'Good Morning, Robert' his computer greeted him. The courser flashed after the 't' in his name, patiently awaiting his commands.
Unconsciously, he replied, "Good Morning." Then he took his seat and fumbled with the keyboard.
What would he work on today? He'd finished the screenplay, now what? A short story? A novel? Would he finish drafting his new house on Autocad?
The possibilities were endless, unfortunately, his time was not. Oh, well. First things first.
He pulled up the main menu and selected his electronic mail bin. Robert ordered all his correspondence to be printed to the screen then saved in memory under the date and a short file name, 'MAIL_IN.001'.
He read his modem mail:
Does your home micro computer lack life? Do you want to give your work station that extra something and turn your office into a friendlier place?
Well here it is! The ultimate gift for home computer buffs, enthusiasts, and fanatics!
VOX is a revolutionary new design in artificial intelligence! Your package will include the Sentience Card, the Voice Card, the Cognitive Programs (all contained on two 1" diskettes) and a complete array of Personality Sub-Routines.
Give your home computer a life of its own! Surprise your co-workers! Amuse your friends!
This is a limited offer, restricted to a few, special clients of Compududes International, Inc.. So respond now!
Send your order by modem to: (817)555-1555.
Robert considered the ad. It was interesting. He had never experimented with artificial intelligence software. He had heard so many bad things about the failure rates of the cards, the distortions due to irrational activities of the control chips.
Could electronic, lifeless things be made to have life? How life-like could they be, even then?
"Robert! Robert John Cummins, get your skinny white butt in here this instant!" His wife's voice erupted out of the room-to-room intercom as a wrong chord pulled on a badly tuned violin. "What have I told you about leaving your study in such a mess?!"
"But, dear," he replied, cowed by long years of subservience, "I was only going to be gone long enough to check the mail. Honestly, I-"
"So that's where you are, is it? At that God awful computer of yours again? And how many times have I told you that you're not to use that thing before noon? Don't just sit there, Robert, answer me!"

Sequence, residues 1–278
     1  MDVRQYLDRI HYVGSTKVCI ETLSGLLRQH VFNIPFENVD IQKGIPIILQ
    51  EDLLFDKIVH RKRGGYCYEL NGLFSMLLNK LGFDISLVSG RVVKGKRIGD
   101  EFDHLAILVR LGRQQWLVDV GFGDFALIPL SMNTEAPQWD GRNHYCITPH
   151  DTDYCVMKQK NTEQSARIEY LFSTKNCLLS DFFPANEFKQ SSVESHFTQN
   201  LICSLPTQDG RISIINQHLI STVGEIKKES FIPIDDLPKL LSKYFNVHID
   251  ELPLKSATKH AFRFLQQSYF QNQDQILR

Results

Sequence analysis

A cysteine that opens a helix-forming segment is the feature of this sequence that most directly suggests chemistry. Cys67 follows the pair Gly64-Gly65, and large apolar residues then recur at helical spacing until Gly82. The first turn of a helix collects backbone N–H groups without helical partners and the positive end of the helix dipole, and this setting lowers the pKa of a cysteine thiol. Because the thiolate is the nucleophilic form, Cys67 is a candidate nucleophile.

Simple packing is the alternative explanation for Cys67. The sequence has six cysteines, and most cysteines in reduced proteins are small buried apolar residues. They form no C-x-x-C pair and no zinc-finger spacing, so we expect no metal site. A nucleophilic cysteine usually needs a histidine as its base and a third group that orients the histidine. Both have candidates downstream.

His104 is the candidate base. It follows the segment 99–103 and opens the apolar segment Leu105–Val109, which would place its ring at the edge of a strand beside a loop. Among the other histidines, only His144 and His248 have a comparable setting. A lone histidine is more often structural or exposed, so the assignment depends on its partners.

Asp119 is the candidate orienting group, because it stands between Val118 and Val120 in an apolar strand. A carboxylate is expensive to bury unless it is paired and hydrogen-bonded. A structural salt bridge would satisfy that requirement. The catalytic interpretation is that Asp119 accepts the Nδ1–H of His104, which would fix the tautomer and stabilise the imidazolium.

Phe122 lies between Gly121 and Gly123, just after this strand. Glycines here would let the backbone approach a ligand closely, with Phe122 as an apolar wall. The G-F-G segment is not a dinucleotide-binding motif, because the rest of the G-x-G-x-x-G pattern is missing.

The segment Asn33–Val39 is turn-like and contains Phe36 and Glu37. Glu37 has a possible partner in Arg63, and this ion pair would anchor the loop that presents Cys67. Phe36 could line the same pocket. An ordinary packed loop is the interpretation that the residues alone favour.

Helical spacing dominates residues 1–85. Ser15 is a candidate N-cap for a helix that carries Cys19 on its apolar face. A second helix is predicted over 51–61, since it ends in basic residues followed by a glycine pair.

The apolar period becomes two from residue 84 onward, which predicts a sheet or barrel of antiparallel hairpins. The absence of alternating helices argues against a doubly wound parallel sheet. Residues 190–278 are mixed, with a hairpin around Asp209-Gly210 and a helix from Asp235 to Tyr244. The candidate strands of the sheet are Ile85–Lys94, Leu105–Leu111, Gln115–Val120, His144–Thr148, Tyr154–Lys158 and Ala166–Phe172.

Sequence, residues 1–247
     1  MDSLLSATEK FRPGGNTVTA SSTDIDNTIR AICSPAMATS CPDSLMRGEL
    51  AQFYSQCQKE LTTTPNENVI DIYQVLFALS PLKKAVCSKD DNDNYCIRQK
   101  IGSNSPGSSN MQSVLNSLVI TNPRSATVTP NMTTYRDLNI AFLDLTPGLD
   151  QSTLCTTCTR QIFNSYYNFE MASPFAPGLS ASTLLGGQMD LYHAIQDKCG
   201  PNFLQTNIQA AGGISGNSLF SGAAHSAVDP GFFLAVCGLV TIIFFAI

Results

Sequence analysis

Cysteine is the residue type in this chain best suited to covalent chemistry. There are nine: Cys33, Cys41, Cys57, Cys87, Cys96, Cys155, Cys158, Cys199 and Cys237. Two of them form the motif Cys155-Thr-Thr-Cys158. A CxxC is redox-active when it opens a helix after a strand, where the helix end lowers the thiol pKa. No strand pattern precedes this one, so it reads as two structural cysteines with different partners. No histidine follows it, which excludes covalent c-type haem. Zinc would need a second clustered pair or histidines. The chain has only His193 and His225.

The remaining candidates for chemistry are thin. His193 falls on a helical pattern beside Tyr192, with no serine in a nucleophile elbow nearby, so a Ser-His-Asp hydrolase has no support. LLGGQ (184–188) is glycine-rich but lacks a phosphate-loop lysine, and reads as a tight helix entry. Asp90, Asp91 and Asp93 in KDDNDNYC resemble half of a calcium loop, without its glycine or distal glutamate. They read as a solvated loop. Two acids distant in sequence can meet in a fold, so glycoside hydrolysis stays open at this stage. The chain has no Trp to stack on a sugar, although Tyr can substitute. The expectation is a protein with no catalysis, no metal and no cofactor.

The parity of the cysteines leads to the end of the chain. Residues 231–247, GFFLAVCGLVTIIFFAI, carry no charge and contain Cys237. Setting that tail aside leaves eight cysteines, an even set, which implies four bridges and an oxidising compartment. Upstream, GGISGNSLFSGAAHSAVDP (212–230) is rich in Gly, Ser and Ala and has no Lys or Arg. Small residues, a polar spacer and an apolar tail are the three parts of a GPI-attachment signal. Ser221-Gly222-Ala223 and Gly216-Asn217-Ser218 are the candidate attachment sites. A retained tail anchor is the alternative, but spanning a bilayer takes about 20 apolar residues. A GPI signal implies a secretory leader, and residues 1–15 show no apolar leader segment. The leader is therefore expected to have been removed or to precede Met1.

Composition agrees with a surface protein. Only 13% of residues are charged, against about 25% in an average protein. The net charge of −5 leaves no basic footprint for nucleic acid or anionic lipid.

"Yes, dear." Meekly, he stood and turned to exit his computer room.
"'Yes, dear' what? What do you have to say for yourself?"
I wish you'd never awakened this morning, he hissed under his breath. How he hated her. Instead he answered, "Coming, love."
The intercom clicked off. Robert could hear his fat wife stomping about upstairs with her great, elephantine feet. He could see her now. Her face would be red and puffy, her eyes would be bright and feverish, and she would be standing in the doorway of his study dressed in a ragged nightgown and curlers, tapping her foot impatiently. How he detested her.
A condemned prisoner at the gallows, Robert mounted the steps, his footfalls light and timid. She was up there, he knew, waiting. She was a big, ugly brute, and she bent him with her iron will, her sadistic sense of pleasure.
In a sudden, stifling rage, Robert clenched his fists, and wished he were crushing her fat neck in his hands. His fingernails bit into his palms, but he didn't notice. The pain was nothing compared with the utter sense of helplessness he felt.
As he had pictured her, she was there, standing in the door of his study, tapping her foot impatiently in her bunny slippers. Robert topped the flight of stairs and almost laughed to see one little bunny face bobbing up and down, up and down, its ears flopping from her shin to the floor. Its chubby, rosy face reminded him of her face, and the way it bobbed up and down reminded him of a good throttling ... just what she needed ... .
"What are you smiling about, buster?"
"Nothing, dear," he replied, instantly aware of his savage thoughts. He brought his palms up to his face to examine the tiny wounds he had accidentally inflicted upon himself while shaving.
"What have you done to yourself now?" She moved aside as he entered the study, snatching his right hand away to peer beneath his palm. "You've cut yourself, you silly little man. Why must you be so clumsy all the time?"
She sighed and shook her head, her many chins and jowls jiggling like a fat, disgusting pig. His wife continued her tirade, "It's not serious at least. Not like that time out at the lake when you nearly drowned yourself. I swear, sometimes you're the clumsiest, silliest little man I've ever met. How I wound up married to you is beyond me!"
It's beyond me, too, thought Robert. But he wouldn't dare say anything aloud.
"What's wrong with the study?" he asked instead. The room seemed perfectly in order. All the books on the shelves were dusted and lined up like little soldiers. His reading desk and chair were clean and neatly in place. There wasn't even any waste in the trash can, no crinkled papers lying on the floor or strewn across the lamp table. Then he saw them.
"Those!" she moaned, "Those disgusting socks you left by the fireplace! EWWWW! It makes me sick to think of your stinking, filthy stockings lying about, reeking up the place, deterring our guests from staying! No wonder we don't have any friends!"